COVID-19 News and Updates: November 2020 – #1

Blood type could be linked to severity of coronavirus infections, new studies say

Jessica Schladebeck

Oct. 15, 2020 ( — A growing body of evidence suggests those who have blood type O may be less likely to contract coronavirus and typically experience less severe symptoms when they do come down with the illness.

While a pair of new studies, published Wednesday in health journal Blood Advances, suggests blood type can be tied to COVID-19, experts said the way patients are being treated will not yet change. They noted it’s not clear what the exact link between the two are, adding that more research is needed.

In the first study, scientists in Denmark analyzed data from 473,654 people tested for the virus between February and July, CNN reported. Most results were negative, with just 7,422 tests returning positive. Of those, only 38.4% had blood type O — despite people with that blood type making up 41.7% of the roughly 2.2 million untested people in the population.

People with type A blood, however, accounted for 44.4% of the infected patients, the study found, despite making up 42.4% of the untested group.

“Blood group O is significantly associated with reduced susceptibility to SARS-CoV-2 infection,” researchers wrote, according to NBC News.

In a second study also published on Wednesday, Canadian scientists examined 95 COVID-19 patients in Vancouver between February and April. All were sick enough to be hospitalized in intensive care units.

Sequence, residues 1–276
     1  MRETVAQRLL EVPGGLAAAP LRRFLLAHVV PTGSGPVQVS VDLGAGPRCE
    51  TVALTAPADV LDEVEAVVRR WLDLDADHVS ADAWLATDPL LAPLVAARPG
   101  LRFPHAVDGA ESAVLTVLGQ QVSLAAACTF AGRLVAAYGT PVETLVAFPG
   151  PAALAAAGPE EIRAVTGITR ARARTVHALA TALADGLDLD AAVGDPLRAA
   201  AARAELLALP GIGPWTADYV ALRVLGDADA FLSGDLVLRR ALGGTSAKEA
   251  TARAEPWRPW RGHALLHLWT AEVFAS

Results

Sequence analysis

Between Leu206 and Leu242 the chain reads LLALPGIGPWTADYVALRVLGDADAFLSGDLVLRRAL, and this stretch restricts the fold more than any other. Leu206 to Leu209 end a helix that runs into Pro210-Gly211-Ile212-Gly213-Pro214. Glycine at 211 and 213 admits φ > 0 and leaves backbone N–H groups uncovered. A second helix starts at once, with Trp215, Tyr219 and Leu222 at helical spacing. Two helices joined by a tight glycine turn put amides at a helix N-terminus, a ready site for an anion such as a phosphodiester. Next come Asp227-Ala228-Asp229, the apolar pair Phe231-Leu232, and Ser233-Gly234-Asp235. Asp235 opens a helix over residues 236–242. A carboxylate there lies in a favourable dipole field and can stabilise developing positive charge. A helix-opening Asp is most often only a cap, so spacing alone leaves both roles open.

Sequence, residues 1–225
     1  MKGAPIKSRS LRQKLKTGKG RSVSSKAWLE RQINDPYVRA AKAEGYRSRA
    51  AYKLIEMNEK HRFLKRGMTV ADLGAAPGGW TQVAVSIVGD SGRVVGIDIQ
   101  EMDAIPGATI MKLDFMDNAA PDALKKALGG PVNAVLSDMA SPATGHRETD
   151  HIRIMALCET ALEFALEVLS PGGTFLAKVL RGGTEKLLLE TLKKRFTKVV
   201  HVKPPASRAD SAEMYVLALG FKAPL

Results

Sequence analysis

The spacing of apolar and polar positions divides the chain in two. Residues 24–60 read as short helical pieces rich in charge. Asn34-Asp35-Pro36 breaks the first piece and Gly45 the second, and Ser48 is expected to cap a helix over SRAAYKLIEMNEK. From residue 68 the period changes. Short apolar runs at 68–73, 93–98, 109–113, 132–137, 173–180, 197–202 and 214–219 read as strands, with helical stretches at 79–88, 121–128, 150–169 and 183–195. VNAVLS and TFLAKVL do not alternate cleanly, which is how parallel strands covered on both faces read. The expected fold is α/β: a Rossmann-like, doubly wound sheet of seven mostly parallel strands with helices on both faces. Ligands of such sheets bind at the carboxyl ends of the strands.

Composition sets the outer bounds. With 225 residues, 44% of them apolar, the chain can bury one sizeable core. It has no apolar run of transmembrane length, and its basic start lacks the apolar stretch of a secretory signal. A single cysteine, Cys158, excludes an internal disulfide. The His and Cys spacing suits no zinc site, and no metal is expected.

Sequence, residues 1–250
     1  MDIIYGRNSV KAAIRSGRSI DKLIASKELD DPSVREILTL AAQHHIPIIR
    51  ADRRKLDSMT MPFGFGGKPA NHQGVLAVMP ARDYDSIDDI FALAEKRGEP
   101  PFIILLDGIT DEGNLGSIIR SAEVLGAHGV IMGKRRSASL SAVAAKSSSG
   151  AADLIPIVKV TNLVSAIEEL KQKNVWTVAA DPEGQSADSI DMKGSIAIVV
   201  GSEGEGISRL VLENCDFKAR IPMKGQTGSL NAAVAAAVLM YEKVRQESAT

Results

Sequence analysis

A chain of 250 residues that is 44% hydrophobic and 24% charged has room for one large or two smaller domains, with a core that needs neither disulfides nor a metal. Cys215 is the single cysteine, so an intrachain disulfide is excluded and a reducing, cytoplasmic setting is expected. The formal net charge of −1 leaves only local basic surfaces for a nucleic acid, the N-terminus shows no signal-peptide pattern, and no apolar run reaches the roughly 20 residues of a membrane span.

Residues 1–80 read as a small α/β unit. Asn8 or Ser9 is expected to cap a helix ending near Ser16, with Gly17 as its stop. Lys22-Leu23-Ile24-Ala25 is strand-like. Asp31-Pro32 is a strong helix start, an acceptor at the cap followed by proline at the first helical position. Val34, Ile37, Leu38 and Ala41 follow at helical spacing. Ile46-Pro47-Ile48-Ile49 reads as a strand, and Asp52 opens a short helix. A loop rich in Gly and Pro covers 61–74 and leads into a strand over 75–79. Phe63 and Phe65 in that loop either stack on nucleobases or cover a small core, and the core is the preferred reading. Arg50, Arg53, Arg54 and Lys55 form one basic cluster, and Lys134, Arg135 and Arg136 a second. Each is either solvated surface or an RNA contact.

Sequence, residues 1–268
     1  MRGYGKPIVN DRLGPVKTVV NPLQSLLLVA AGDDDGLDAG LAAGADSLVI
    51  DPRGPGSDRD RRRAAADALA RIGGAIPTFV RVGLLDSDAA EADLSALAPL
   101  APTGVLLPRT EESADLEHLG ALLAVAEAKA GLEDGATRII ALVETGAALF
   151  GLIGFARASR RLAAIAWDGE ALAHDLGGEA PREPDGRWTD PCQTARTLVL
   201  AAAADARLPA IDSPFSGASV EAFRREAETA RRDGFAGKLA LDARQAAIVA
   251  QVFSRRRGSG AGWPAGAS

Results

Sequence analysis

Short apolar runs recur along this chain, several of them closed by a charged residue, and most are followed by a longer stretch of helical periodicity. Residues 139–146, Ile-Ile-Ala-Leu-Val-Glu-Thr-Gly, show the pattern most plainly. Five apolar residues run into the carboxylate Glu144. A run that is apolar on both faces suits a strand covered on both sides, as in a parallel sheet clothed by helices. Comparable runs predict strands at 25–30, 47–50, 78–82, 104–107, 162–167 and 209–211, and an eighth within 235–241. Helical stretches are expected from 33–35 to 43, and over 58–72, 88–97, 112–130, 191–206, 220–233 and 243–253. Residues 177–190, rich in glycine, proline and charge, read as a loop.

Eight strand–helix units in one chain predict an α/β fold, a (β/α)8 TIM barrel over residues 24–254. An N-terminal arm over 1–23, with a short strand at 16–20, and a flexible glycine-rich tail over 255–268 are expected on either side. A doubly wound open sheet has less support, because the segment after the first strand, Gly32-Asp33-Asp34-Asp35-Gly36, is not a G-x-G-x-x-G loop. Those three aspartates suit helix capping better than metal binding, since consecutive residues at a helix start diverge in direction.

Their research showed those with blood type A or AB typically had a longer stay in the intensive care unit, with a median of 13.5 days. Meanwhile, people with blood group O or B, experienced a visit in the ICU with a median of about nine days.

“A higher proportion of COVID-19 patients with blood group A or AB required mechanical ventilation and had a longer ICU stay compared with patients with blood group O or B,” the study authors wrote.

Types A and AB also needed a sort of dialysis that helps the kidneys filter blood without putting too much pressure on the heart more often than their counterparts.

Medical experts and scientists hope further examination of the connection will help bring an end to the coronavirus pandemic, which has infected more than 38 million people worldwide.

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